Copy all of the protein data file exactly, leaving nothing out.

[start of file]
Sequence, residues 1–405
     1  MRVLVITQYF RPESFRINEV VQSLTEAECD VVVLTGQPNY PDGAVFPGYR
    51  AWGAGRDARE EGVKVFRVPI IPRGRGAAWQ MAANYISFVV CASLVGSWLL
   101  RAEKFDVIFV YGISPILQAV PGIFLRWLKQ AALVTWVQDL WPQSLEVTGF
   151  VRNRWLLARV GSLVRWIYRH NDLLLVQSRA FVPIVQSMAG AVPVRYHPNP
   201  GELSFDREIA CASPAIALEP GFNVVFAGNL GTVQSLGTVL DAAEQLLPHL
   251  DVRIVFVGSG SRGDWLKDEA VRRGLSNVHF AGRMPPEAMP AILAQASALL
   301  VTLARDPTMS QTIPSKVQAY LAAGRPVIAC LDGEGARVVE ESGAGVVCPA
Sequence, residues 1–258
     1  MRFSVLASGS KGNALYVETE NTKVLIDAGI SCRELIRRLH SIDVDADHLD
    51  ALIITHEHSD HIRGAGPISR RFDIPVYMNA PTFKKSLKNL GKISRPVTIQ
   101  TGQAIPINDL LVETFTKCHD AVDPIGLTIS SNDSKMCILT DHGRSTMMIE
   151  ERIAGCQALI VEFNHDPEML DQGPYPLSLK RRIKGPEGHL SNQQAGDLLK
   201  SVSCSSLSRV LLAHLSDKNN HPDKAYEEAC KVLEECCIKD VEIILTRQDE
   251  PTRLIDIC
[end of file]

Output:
Sequence, residues 1–405
     1  MRVLVITQYF RPESFRINEV VQSLTEAECD VVVLTGQPNY PDGAVFPGYR
    51  AWGAGRDARE EGVKVFRVPI IPRGRGAAWQ MAANYISFVV CASLVGSWLL
   101  RAEKFDVIFV YGISPILQAV PGIFLRWLKQ AALVTWVQDL WPQSLEVTGF
   151  VRNRWLLARV GSLVRWIYRH NDLLLVQSRA FVPIVQSMAG AVPVRYHPNP
   201  GELSFDREIA CASPAIALEP GFNVVFAGNL GTVQSLGTVL DAAEQLLPHL
   251  DVRIVFVGSG SRGDWLKDEA VRRGLSNVHF AGRMPPEAMP AILAQASALL
   301  VTLARDPTMS QTIPSKVQAY LAAGRPVIAC LDGEGARVVE ESGAGVVCPA
Sequence, residues 1–258
     1  MRFSVLASGS KGNALYVETE NTKVLIDAGI SCRELIRRLH SIDVDADHLD
    51  ALIITHEHSD HIRGAGPISR RFDIPVYMNA PTFKKSLKNL GKISRPVTIQ
   101  TGQAIPINDL LVETFTKCHD AVDPIGLTIS SNDSKMCILT DHGRSTMMIE
   151  ERIAGCQALI VEFNHDPEML DQGPYPLSLK RRIKGPEGHL SNQQAGDLLK
   201  SVSCSSLSRV LLAHLSDKNN HPDKAYEEAC KVLEECCIKD VEIILTRQDE
   251  PTRLIDIC